“It is of course true that an Arbitrator cannot be expected to write a detailed judgment as in a law Court. However, the present Act contemplates that the award of the Arbitrator should be supported by reason.” And
“The basis for the right of the claimant and the basis of the liability of the present Appellant have not been indicated anywhere within four corners of the award and in spite of the best efforts it is not possible to discover even any latent reason in the award.” The Hon’ble High Court despite a plea by the Appellant to exercise the option under Section 34(4) of the Act denied the same by finding that the contract excluded possibility of payment of any compensation on account of premature termination.
b. Importantly, while analyzing the Arbitral Award the Hon’ble Supreme Court noted that:
The factual narration was coupled with the claimant's argument, which is bundled together.
The Arbitral Tribunal had mixed the arguments with the premise it intended to rely upon for the claimant's claim.
The Arbitral Tribunal had reduced the reasons for Respondent's defense.
c. Finding: In the instant matter the Hon’ble Supreme Court found the award to have been rendered without reasons as the Arbitrator had merely restated the contentions of both the parties thereby qualifying the same as being “muddles and confused”. The Court further noted that considering the complexity of the matter the inadequate reasoning and basing the award on approval of the Respondent rendered the award to be unintelligible and unsustainable.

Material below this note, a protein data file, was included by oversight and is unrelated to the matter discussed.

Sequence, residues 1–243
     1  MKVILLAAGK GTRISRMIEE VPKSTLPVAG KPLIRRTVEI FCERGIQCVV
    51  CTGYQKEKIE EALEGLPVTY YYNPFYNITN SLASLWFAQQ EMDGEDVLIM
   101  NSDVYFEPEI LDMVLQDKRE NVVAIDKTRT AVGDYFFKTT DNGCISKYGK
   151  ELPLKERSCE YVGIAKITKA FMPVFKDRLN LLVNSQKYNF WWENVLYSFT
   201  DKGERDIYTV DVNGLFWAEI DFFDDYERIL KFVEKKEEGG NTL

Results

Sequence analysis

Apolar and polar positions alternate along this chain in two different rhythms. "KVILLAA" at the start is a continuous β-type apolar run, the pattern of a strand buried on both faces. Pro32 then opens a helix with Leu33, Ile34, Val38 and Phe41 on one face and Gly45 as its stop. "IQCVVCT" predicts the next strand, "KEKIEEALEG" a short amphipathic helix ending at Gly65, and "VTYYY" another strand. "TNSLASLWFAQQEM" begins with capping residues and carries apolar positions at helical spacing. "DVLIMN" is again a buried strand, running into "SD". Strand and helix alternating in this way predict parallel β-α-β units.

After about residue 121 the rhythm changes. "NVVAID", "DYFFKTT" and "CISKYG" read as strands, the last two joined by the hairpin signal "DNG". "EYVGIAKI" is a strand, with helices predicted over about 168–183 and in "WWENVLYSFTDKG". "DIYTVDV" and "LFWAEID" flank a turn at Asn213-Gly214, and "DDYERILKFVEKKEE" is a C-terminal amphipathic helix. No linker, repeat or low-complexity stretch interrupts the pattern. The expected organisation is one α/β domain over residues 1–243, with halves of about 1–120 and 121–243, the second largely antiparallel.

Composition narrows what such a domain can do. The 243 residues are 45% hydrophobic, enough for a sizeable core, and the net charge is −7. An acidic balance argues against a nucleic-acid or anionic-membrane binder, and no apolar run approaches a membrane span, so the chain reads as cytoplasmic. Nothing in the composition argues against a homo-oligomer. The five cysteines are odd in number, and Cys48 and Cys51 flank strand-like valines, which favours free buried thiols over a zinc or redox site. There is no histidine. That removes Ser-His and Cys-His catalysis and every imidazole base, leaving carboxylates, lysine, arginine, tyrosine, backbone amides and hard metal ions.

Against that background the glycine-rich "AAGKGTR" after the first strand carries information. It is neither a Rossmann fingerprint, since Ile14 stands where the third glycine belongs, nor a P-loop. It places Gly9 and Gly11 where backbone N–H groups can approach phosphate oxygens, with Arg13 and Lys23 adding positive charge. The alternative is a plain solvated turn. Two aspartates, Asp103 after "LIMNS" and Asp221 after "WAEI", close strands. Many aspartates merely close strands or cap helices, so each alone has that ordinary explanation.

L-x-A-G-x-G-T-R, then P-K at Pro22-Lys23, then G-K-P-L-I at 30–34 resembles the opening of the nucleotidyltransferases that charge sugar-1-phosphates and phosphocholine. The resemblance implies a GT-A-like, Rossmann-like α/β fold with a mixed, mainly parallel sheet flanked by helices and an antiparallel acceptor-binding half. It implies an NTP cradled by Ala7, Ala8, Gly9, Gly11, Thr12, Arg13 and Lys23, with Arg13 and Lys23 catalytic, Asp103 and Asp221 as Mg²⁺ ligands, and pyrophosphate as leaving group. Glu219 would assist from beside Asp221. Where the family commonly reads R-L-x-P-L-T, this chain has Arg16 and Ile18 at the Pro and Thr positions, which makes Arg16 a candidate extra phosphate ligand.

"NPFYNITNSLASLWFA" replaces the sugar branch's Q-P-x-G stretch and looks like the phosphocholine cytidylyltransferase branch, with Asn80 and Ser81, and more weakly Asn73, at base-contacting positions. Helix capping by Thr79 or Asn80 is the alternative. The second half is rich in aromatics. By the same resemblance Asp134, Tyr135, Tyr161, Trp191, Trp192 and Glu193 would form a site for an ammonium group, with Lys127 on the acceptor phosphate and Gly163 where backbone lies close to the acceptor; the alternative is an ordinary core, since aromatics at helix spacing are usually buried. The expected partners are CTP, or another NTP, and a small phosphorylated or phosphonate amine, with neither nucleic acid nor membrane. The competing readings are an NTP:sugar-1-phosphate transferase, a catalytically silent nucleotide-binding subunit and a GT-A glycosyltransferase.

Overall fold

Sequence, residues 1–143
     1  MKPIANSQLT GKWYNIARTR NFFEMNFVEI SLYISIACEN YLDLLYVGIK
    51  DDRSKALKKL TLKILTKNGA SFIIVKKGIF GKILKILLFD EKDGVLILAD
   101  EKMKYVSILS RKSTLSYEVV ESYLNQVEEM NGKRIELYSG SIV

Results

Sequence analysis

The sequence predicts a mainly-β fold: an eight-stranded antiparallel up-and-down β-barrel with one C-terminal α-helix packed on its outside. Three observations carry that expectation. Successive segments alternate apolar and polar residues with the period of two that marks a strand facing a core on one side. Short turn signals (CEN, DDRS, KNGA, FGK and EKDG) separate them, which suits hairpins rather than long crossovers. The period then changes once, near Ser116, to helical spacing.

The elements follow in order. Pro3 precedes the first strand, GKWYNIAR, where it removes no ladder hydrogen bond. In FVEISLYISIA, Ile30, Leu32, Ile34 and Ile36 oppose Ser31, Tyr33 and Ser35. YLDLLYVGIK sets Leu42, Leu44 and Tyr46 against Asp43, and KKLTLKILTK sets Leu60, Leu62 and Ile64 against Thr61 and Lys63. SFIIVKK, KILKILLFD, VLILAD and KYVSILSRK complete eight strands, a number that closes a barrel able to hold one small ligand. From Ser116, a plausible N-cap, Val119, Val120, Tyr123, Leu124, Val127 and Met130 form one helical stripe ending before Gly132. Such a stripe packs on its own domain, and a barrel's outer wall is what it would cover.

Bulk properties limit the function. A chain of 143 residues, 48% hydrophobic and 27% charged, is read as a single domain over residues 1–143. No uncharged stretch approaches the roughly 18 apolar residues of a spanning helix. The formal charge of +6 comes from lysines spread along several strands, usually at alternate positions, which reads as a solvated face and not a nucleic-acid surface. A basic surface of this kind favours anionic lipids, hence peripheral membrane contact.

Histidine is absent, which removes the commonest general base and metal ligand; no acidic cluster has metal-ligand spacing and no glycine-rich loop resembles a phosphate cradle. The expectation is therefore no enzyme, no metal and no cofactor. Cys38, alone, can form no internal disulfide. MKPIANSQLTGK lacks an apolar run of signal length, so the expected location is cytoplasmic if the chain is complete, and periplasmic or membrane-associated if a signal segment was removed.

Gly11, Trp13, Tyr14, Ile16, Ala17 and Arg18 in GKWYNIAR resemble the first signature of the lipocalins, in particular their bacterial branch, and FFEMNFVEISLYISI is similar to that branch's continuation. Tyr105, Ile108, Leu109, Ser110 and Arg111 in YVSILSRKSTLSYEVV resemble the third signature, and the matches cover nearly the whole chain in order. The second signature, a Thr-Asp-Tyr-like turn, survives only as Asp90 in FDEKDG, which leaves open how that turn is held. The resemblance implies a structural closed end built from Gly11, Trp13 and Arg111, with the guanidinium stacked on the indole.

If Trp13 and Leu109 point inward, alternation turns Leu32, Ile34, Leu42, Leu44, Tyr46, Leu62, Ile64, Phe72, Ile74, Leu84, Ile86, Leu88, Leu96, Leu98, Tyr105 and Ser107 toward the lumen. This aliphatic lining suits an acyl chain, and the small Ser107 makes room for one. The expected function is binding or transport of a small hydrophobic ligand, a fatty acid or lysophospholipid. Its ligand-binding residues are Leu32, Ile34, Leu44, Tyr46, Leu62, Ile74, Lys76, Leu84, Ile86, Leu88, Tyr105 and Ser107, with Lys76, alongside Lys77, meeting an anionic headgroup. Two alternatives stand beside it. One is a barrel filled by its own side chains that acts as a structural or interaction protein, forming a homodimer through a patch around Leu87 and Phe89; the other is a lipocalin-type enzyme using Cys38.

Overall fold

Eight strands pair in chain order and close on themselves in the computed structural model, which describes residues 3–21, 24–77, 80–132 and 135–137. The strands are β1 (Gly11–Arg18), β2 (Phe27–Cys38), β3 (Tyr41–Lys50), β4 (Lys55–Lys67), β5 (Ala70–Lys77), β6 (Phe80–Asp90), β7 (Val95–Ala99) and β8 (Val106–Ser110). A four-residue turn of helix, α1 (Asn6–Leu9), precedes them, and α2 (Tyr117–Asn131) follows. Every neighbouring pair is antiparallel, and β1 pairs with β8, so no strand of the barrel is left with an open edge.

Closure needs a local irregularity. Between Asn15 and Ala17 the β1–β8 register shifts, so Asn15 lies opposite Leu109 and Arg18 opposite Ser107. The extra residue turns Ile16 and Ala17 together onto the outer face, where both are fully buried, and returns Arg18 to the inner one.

Indian Jurisprudence on Unintelligible Awards and Inadequately Reasoned Awards
a. The very crux of what is required from an arbitrator is discernible from the observation that:
“To satisfy the requirements of the Act, reasons should be intelligible and comprehensible, but need not be unnecessarily lengthy or elaborate. Reasons should indicate and provide a precise link between questions/issues and the conclusion reached in regard thereto. It is sufficient if the arbitrator makes his mind clear in the award on what and why decision is made. Short intelligible indications of the grounds should be discernible to indicate the mind of the arbitrator. Sufficiency of reasons depends upon facts of each case.”
Further, in Indian Oil Corporation Ltd. v. Indian Carbon Ltd. the Hon’ble Supreme Court has clarified that the requirements of reasons to be stated in the award is to be satisfied if the arbitrator has ‘made his mind known in the basis of which he has acted.’; in context where of a reason is essentially a short intelligible indication of the grounds to find out the mind of the Arbitrator for his action.